There’s been some recent publicity in the media about a popular company being sued due to Benzene, a classified human carcinogen, being discovered in a number of popular sunscreen brands. As terrible as this is, it has made people become more aware of what they’re putting on their skin this summer. Let’s dive into why safe sunscreen is important, and some of the best safe mineral sunscreen options for adults and kids.
In NZ, the Cancer Society of NZ has done a good job of conditioning us Kiwi’s to slather on the sunscreen to our kids daily. Because of this, it’s important to know what is in it. Many people have sunscreen in their medicine cabinets, but haven’t considered what’s on the label.
Let’s start with the basics, there are two kinds of sunscreens on the market; chemical and mineral.
In chemical sunscreens, synthetic compounds (including avobenzone, octisalate, and oxybenzone) create a chemical reaction in our skin, which transform the UV rays from the sun into heat, which is released into the air.
Physical sunscreens, also known as mineral sunscreens, create a barrier on the surface of the skin (using zinc oxide or titanium dioxide) to physically bounce or reflect the sun’s rays.
The bad news? Many chemical UV filters, which are most commonly used in sunscreens, have endocrine disrupting effects and aren’t proven to be safe. For example, oxybenzone, which is found in 40% of chemical sunscreens on the market, is linked to hormone disruption, breast cancer, negative birth outcomes, reduced male fertility, and possibly cancer. Other popular chemical UV filters, including octinoxate, homosalate, octisalate, octocrylene, and avobenzone, are all linked to endocrine disruption and research also revealed they circulate in the bloodstream for days after application. Previous studies detected many sunscreen ingredients in breast milk and urine samples (Schlumpf 2008, Schlumpf 2010)
Even though mineral filters are safe, these sunscreens can still contain other ingredients to make them lightweight, smooth, and wearable. You need to avoid ingredients such as parabens, phthalates, sodium laureth sulfate, and fragrance (parfum).
What about SPF?
There are two types of UV radiation that affect us. UVB is the type that causes sunburn, while UVA permeated deeper into our skin and is responsible for aging our skin. Both can increase your risk of cancer. SPF (Sun Protection Factor) is a measure of how well a sunscreen protects against UVB rays. Now common sense would suggest an SPF with 100 rating would give us twice the protection as an SPF of 50, however the relationship doesn’t work like that. In fact, an SPF of 30 protects about 97% of UVB radiation, SPF of 50 about 98% and an SPF of 100 about 99%! So don’t be fooled by an SPF higher than 50. It is misleading and will likely just mean you spend more time in the sun thinking you’re more protected than you are!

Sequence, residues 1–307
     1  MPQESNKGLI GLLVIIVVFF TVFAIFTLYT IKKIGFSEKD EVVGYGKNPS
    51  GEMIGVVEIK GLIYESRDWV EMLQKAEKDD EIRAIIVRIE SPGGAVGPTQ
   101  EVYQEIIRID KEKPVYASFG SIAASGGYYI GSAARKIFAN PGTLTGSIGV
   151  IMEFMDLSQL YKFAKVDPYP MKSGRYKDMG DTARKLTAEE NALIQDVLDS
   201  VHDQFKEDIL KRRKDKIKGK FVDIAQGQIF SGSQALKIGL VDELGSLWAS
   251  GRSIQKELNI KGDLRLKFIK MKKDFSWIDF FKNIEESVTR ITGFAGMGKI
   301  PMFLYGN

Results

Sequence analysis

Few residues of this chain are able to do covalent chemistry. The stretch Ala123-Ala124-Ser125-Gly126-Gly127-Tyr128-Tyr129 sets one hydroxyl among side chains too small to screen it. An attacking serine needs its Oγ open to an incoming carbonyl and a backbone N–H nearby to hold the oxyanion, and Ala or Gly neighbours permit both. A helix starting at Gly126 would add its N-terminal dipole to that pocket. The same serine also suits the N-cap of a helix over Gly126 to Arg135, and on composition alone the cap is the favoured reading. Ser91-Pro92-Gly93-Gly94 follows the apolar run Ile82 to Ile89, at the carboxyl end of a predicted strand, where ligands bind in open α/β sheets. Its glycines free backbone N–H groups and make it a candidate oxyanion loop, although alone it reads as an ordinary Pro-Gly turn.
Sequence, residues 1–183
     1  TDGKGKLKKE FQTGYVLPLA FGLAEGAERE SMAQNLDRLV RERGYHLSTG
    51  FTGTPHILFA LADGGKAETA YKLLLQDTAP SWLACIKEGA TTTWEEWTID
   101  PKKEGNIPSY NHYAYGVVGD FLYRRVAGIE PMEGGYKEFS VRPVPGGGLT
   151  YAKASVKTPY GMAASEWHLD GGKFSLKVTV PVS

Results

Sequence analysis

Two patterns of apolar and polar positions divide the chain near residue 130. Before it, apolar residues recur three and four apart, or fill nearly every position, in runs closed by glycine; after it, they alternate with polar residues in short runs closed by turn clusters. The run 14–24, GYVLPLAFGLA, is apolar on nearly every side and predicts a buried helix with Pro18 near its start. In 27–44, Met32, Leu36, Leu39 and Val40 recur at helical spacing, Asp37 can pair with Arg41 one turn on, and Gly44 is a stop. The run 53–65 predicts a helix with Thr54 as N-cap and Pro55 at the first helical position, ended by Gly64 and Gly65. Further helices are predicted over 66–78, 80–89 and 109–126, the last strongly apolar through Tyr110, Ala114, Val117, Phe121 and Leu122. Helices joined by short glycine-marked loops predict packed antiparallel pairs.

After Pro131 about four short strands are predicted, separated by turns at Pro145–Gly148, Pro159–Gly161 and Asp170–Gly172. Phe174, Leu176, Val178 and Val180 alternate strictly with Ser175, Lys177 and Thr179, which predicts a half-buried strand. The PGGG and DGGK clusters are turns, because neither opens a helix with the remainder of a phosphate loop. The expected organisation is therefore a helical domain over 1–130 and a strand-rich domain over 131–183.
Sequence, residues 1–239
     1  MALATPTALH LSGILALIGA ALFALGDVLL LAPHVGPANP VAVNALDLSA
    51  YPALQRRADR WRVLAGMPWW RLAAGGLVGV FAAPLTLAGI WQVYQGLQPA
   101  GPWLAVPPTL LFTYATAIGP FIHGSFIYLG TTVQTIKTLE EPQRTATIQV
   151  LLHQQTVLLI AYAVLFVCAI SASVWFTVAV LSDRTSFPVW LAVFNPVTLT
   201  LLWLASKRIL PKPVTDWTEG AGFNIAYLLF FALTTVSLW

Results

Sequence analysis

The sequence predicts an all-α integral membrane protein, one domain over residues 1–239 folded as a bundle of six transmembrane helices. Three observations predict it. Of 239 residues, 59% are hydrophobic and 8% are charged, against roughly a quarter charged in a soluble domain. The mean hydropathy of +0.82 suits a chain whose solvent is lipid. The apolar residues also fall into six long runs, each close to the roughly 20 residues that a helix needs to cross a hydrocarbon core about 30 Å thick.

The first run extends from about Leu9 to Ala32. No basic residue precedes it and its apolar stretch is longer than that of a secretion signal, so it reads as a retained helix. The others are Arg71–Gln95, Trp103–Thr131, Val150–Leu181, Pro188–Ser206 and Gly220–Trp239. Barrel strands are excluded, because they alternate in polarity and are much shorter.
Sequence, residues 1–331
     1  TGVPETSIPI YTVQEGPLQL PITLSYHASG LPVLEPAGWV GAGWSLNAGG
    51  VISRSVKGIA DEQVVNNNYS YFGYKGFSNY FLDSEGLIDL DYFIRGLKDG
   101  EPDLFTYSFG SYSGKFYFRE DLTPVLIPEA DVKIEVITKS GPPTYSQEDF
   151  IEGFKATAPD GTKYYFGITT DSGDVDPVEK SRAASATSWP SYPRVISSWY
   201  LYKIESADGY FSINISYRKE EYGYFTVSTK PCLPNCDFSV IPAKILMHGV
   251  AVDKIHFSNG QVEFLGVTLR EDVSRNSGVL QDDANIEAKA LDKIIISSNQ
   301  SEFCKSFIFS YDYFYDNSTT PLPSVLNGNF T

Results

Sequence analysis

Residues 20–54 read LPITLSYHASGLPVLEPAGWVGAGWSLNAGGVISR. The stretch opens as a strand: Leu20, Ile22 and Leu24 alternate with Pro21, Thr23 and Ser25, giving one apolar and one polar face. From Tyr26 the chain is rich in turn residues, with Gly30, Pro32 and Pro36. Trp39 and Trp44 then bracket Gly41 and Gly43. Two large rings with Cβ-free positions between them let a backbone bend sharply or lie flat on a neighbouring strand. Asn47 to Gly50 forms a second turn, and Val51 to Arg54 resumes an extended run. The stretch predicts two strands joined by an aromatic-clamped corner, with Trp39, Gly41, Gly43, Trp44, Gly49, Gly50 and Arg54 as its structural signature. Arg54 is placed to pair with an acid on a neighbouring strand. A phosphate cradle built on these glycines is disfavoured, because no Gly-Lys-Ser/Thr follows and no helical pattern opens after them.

How to protect yourself from the sun safely
Be smart about sun exposure
You need to be exposing your skin to the sun on a regular basis so that your skin is able to synthesise vitamin D (amazing for immune function and mental health among other things), but you don’t want that exposure to lead to redness or burn. As a general rule of thumb, exposing your skin to about 15 minutes of direct sun a day is enough to provide sufficient vitamin D if you aren’t already deficient. You can also supplement with vitamin D3/K2 orally if needed. If you’re interested in learning the ideal times for exposure for optimal Vit D absorption based on where you’re located in the world, download a free app called Dminder. It’s a fun way to track and accounts for supplementation and food intake to calculate your levels.
Cover up: wear protective clothing
Instead of lathering yourself and your kids top to toe with sunscreen, use protective swimsuits, shirts, and hats. This is especially important for kids. My kids wear long-sleeve rash shirts, and a hat anytime they’re outside. The less skin exposed, the less you need to cover with sunscreen.
Between the hours of 10am and 3pm, ensure you have access to some kind of shade, whether that’s a big pohukakawa at the beach, a beach tent or at a minimum an umbrella.
Protect yourself with safe mineral sunscreen
Look for a mineral sunscreen that has at least 15% zinc oxide, which provides excellent protection against UVB and UVA rays.
My favourite safe sunscreens:
KIDS & ADULTS:
Is your sunscreen safe?
If you want to see how your current sunscreen rates, Check out the EWG Guide to Sunscreen and then go check out Health Post red list to make sure yours doesn’t contain any of the list. Reach out if you use a natural sunscreen you think should be added to the list, I’m always keen to expand it and support kiwi small businesses at the same time.
Hope this was helpful! Leave a comment below if it was x
EWG Annual Guide to Sunscreen. (2021) retrieved from https://www.ewg.org/sunscreen/report/the-trouble-with-sunscreen-chemicals/